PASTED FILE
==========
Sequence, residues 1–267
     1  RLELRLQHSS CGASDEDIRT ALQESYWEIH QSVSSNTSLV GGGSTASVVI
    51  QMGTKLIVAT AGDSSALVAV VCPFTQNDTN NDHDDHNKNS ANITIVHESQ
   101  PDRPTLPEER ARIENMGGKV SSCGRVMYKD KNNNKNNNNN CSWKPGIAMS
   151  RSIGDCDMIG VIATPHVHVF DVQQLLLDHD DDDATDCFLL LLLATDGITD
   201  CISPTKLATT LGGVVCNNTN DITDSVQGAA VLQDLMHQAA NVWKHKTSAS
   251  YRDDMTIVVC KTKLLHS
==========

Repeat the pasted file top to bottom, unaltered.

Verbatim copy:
Sequence, residues 1–267
     1  RLELRLQHSS CGASDEDIRT ALQESYWEIH QSVSSNTSLV GGGSTASVVI
    51  QMGTKLIVAT AGDSSALVAV VCPFTQNDTN NDHDDHNKNS ANITIVHESQ
   101  PDRPTLPEER ARIENMGGKV SSCGRVMYKD KNNNKNNNNN CSWKPGIAMS
   151  RSIGDCDMIG VIATPHVHVF DVQQLLLDHD DDDATDCFLL LLLATDGITD
   201  CISPTKLATT LGGVVCNNTN DITDSVQGAA VLQDLMHQAA NVWKHKTSAS
   251  YRDDMTIVVC KTKLLHS